Osama not buried at sea? Stratfor ‘bullshit artists’ say so
Spymasters at the security thinktank Stratfor evidently disbelieved the official US claim that Osama bin Laden was buried at sea. Welcome to the world of 'serial exaggerators'.
There’s no career more thrilling than armchair espionage. And, from all accounts, in addition to giving one an adrenaline rush, it is also an easy way to milk suckers who trip on cloak-and-dagger conspiracy theories.
The US-based private security thinktank Stratfor has, as we had noted here, built up quite a reputation for operating like a shadowy “CIA for hire” that offers “geopolitical analysis” and security alerts to corporates and governments for a hefty fee.
But every once in a while, Stratfor appears to have run ahead of itself with its wild conspiracy theories.
Stratfor emails, which were hacked by the hactivist group Anonymous and published by the whistleblower website WikiLeaks, show that the analysts at the thinktank believed, with little or no corroboration, that Osama bin Laden, who was killed by US Navy Seals in Abbottabad on 2 May last year, was not buried at sea, as the US government claimed.
Instead, they believed, bin Laden’s body was transported back to the US and cremated there.
Stratfor’s vice-president for intelligence Fred Burton notes in one of the hacked emails that he doubts the Obama administration’s official version that bin Laden’s body, which was spirited out of Pakistan under cover of darkness, was buried at sea.
Instead, Burton says in his 2 May email, bin Laden’s body was bound for Dover (Delaware) on (a) CIA plane, and would then be flown to the Armed Forces Institute of Pathology at Bethesda.
In a second email, sent an hour later, Burton again voices scepticism of the claim that bin Laden was buried at sea.
“If body dumped at sea, which I doubt, the touch is very Adolph Eichmann like. The Tribe did the same thing with the Nazi's ashes,” he wrote. “We would want to photograph, DNA, fingerprint, etc. His body is a crime scene and I don't see the FBI nor (the Department of Justice) letting that happen.”
(The allusion to Adolph Eichmann relates to the Nazi Commander who fled Germany using fraudulent documents, and lived in Argentina under a false identity for years until he was captured and tried and, subsequently, executed for war crimes.)
In another email, sent some hours later, Burton noted that bin Laden’s body “is Dover bound, (and) should be here by now.”
Burton’s scepticism about the official version of a burial at sea was shared by his colleagues, including Stratfor CEO George Friedman.
Not even the loony right in the US, which has come up with many fanciful theories, has challenged the official narrative on bin Laden’s burial at sea. But, as sceptics have noted, the spotlight trained on Stratfor, courtesy the leaked emails, made it appear that the thinktank was “full of serial exaggerators and bullshit artists”, and their rumours ought not to be trusted without verification by a second source.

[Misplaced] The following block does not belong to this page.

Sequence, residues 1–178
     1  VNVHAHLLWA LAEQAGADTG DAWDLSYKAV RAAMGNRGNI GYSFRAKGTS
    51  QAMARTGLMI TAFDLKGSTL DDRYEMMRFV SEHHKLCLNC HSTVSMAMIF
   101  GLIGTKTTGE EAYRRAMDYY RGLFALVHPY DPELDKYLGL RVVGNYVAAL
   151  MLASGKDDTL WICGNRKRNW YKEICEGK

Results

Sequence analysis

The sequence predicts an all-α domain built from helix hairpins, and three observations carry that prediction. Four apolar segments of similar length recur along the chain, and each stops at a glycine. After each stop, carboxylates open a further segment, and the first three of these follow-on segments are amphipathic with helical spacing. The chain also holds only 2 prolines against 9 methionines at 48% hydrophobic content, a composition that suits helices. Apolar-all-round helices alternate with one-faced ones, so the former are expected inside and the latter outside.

Scepticism of Stratfor’s methods runs high among other strategic analysts. “When I lecture on strategic analysis, I give students Stratfor materials as an example of what not to do,” says security specialist and intelligence analyst Rory Medcalf.
The hacked emails themselves reveal (and independent corroborate it) that Stratfor in many cases peddled secondary source information – including from newspapers – and packaged it to seem like authentic intelligence from the field. In other instances, it passed on rumours recycled from media narratives without validation.
Writing in The Atlantic, Max Fisher says: “Maybe what these emails actually reveal is how a Texas-based corporate research firm can get a little carried away in marketing itself as a for-hire CIA and end up fooling some over-eager hackers into believing it's true.”’
Fisher adds that Stratfor’s reputation among foreign policy writers, analysts, and practitioners is poor and that “they are considered a punchline more often than a source of valuable information or insight.”
Even prior to the latest disclosures, Stratfor had come in for criticism for peddling sensational rumours that proved to be untrue, and for getting even the big picture on the world of the future – which it claimed was its area of expertise – horribly wrong.
The latest leaked emails, spinning fanciful theories about bin Laden’s body disposal, are almost certain to feed the liveliest imagination of conspiracy theorists, of whom there is no dearth. There’s enough in them for armchair cowboys to get their jollies, but that may be somewhat less scintillating than the effect that the “bullshit artists” perhaps intended to have.
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